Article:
Malaysia’s Ongoing Domestic Problems

Updated On: Sep 14, 2007

Malaysian Prime Minister Abdullah Badawi’s ongoing efforts to sell the Iskandar Development Region (IDR) project have brought international attention and some success.

However, he continues to face domestic dissent over his policies and seems to be struggling to keep a lid on possible racial tensions.  

The Wall Street Journal noted that, in the first sign of large-scale international interest in the plan, Abu Dhabi's state investment company Mubadala Development Co., the Kuwait Finance House, and a unit of Saraya Holdings, which is an investment company headed by the son of the late Lebanese Prime Minister Rafik Hariri, announced in September that they will invest an initial $1.2 billion in IDR projects, building new infrastructure and a financial-services hub.

Mr Abdullah addressed over 500 global business leaders at the Forbes CEO Conference on Tuesday (11 September) evening in SentosaSingapore, saying, “The setting up of multinational businesses in the IDR and its proximity to Singaporesuggests an exciting development, namely, the rise of a new regional metropolis in AsiaSingapore and IDR represent the cosmopolitan access point to ASEAN as well as the crossroads between India and China. This has tremendous significance to the global services industries, particularly in the context of China+1, or India+1 strategy.”

The Prime Minister also said at the conference that these developmental projects would be driven primarily by the private sector, departing from its previous practice of “putting government agencies and civil servants in charge”.  Nonetheless, the government would set aside money for a facilitation fund, the Private Financial Initiative (PFI). The fund could be used to acquire land, build roads and help link utilities to the projects. Moreover, if foreign firms needed workers, the Malaysian government would train them at its own cost.

Other incentives include Malaysia not enforcing any ‘bumiputera conditions’ in the IDR, reducing corporate taxes, and allowing 100 per cent foreign ownership of companies and full repatriation of profits.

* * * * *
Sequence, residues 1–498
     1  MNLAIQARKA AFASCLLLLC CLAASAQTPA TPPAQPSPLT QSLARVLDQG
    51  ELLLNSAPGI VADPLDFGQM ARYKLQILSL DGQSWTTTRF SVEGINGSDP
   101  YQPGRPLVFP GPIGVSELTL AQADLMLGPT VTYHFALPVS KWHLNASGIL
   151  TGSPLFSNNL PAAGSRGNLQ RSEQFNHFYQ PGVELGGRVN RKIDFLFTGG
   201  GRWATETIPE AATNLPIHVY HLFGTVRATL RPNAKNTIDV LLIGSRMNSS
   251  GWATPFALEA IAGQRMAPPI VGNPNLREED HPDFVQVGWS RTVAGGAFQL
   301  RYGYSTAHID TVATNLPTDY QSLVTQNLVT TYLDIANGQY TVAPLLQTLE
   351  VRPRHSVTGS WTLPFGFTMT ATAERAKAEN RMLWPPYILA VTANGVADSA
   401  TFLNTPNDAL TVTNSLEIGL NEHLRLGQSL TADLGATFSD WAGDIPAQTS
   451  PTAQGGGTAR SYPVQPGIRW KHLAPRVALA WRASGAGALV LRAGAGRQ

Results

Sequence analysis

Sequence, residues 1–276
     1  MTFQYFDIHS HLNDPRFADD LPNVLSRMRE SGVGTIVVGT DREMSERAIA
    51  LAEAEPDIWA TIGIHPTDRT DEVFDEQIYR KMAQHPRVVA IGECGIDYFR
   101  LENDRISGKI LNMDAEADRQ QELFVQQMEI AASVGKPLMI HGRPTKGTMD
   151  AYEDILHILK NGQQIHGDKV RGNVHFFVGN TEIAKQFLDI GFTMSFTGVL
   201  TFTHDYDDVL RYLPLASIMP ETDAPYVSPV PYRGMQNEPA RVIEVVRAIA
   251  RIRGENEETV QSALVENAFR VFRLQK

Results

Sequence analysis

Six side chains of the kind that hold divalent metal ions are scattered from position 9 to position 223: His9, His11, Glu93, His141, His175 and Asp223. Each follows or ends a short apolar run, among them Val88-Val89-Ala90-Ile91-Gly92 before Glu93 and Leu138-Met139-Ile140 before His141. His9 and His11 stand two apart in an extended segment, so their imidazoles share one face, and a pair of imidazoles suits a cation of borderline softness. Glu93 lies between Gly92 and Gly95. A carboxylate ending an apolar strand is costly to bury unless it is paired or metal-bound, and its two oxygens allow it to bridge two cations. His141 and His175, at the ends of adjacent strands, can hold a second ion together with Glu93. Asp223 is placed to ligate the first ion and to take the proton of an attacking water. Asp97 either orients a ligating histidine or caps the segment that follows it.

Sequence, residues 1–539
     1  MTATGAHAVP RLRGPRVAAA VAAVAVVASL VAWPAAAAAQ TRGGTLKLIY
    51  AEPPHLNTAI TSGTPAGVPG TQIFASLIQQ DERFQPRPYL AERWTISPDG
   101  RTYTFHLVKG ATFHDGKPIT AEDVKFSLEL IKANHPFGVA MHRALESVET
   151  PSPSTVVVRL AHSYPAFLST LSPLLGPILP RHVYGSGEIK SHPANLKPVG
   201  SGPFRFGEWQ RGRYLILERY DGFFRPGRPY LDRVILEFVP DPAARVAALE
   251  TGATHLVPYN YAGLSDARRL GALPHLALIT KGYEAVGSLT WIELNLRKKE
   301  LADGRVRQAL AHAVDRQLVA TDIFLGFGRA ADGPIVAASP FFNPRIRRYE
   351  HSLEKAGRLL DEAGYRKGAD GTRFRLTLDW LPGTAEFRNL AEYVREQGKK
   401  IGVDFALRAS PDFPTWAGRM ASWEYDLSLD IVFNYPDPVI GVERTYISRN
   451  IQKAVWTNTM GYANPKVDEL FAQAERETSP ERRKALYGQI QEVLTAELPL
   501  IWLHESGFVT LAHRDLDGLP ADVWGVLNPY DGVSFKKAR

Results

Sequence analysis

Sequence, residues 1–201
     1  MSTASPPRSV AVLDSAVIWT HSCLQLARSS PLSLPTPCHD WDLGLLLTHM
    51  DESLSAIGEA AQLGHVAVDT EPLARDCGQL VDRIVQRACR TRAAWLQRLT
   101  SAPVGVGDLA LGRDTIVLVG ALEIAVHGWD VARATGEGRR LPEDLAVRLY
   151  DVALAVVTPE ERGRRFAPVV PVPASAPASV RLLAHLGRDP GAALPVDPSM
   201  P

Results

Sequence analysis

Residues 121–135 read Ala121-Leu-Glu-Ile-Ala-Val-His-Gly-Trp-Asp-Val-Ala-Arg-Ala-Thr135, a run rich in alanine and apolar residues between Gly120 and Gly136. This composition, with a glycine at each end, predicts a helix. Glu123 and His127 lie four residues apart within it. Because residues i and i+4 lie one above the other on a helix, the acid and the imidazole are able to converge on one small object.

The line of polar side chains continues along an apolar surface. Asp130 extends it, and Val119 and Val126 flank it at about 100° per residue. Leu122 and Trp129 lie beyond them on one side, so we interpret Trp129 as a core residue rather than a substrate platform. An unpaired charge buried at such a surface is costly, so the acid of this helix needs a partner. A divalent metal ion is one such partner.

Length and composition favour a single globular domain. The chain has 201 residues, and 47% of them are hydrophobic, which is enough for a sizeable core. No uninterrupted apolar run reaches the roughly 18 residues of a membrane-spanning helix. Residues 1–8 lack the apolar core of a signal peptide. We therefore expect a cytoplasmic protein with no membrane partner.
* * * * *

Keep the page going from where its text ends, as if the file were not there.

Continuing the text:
The outlook for the IDR is not all-rosy. The chief executive of the Kuala Lumpur-based Capital Dynamics Asset Management, Tan Teng Boo said, “The trouble with Malaysian projects is that they look very good on paper, but when it comes to execution and implementation, it looks quite different.”

Moreover, Badawi’s willingness to involve Singapore in the IDR has not been shared by others. In particular, the former Prime Minister Mahathir has been vehement in opposing it. In an interview with Siasah, a local political tabloid published in the Aug 26 to Sept 1 issue, Mahathir warned, “We will once again lose Malay territory to the Chinese, as had happened with Singapore previously.”

Mahathir described Singapore as ‘not a good neighbour’ and sarcastically added that during his 22-year tenure he had never sought foreign advice on how to develop the country. He added, “Don't involve the Singapore government. We do it ourselves. If they wish to invest in the IDR, we can study and consider their participation, but there's no need to seek their advice. We have our own capabilities.”  

Malaysia’s former Deputy Prime Minister Anwar Ibrahim has also been a fierce critic of Badawi. Anwar is currently an advisor to the opposition People's Justice Party, also known as Keadilan. Most recently, he spoke at a gathering with Chinese supporters in Pahang, saying that the country had very little to be happy about despite the commemoration of its 50th year of independence. Anwar said that the country's development is lagging behind its regional neighbours, and its reputation and standing in the international community had fallen because the government had failed to tackle issues of corruption seriously. Instead, the only areas in which Malaysia surpassed its neighbours are its ‘political wayang’ (shows) and the waving of flags on National Day.